Saturday, 30 March 2019
"Fossil fuels are not consumed by an undifferentiated humanity. They are consumed by people living in specific social and economic relations with each other: predominantly, in the late 20th century capitalist economy. That economy’s expansion is the framework within which fuel consumption has grown. The technological systems that are the largest fuel consumers – electricity systems, urban transport systems and built environments, military systems, and so on – are controlled by small groups of people, in the context of broader relations of wealth and power." - my blog post for the Energy Futures Lab at Imperial College, London
"Most fossil fuels are consumed not by individuals, but by and through large technological systems, such as electricity networks, urban transport systems, built environments, and industrial and agricultural systems. While the media offers plenty of advice on how individuals can cut consumption, how to transform or supersede these technological systems is much less obvious. These unsustainable systems are deeply embedded in day-to-day life." My article in The Conversation.
Friday, 8 March 2019
My article in Roar magazine … "The international climate talks process has produced and reproduced its own discourse, cut off from the world where 16 of the 17 hottest years ever recorded were in the last twenty years — and where school pupils, from Australia to Sweden to Belgium, go on strike about it. It is welcome that school pupils are not only urging governments to declare a 'climate emergency' — which seems like the very least they could do — but are also seeking ways to take matters into their own hands, by demanding to learn climate science."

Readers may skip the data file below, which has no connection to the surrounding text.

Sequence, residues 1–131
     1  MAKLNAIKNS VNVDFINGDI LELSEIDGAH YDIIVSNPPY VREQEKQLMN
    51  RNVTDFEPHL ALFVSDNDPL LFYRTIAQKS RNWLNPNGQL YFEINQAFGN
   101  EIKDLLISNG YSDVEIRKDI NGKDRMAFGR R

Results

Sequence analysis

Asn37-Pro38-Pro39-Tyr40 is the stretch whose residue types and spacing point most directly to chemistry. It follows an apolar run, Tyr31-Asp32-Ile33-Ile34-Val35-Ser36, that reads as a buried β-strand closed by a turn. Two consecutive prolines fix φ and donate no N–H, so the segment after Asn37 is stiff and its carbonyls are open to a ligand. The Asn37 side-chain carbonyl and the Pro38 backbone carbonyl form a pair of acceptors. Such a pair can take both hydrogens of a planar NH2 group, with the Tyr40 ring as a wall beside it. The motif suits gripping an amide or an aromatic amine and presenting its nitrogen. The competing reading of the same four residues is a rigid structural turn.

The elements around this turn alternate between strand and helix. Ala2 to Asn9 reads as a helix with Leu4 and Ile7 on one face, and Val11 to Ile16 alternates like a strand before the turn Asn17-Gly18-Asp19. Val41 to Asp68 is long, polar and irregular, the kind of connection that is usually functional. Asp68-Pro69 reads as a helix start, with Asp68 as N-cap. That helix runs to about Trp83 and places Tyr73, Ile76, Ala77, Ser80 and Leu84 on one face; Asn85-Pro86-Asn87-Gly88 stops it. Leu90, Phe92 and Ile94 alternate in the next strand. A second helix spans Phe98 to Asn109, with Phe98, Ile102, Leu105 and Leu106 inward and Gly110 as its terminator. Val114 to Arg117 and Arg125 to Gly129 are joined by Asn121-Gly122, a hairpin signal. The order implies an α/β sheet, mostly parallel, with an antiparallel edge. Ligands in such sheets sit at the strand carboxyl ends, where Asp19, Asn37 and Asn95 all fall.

Monday, 17 December 2018
My interview on Truthout, about global warming and my book Burning Up. "... focus on rich-world hamburger eaters ignores the supply chain that produces such fuel-intensive, unhealthy products". Consumption is not a moral issue, and not mainly by individuals: fossil fuels are consumed by and through technological and economic systems."
Sunday, 16 December 2018
My take on the Katowice talks, in an interview with The Wire in India. "Obviously, it would be welcome if more nations adopt and improve on their voluntary targets. But we should not live in a world of false hopes. The talks have failed because they have effectively limited action to the adoption of market mechanisms. They have left the industrial and financial elites that control the world’s economies untouched. Thus, they’ve made, and continue to make, decisions that have ensured huge increases in fossil fuel use."
A chunk of my book Burning Up, published by Truthout in the US. ... transition away from fossil fuels means "developing sustainable technological systems better to meet human need, and changing technological systems together with social and economic ones".
My interview with Vice News about my book Burning Up: A Global History of Fossil Fuel Consumption. "Society needs to take this whole process out of the hands of that very small, powerful group of people who claim to be dealing with the problem, because they’re not dealing with the problem."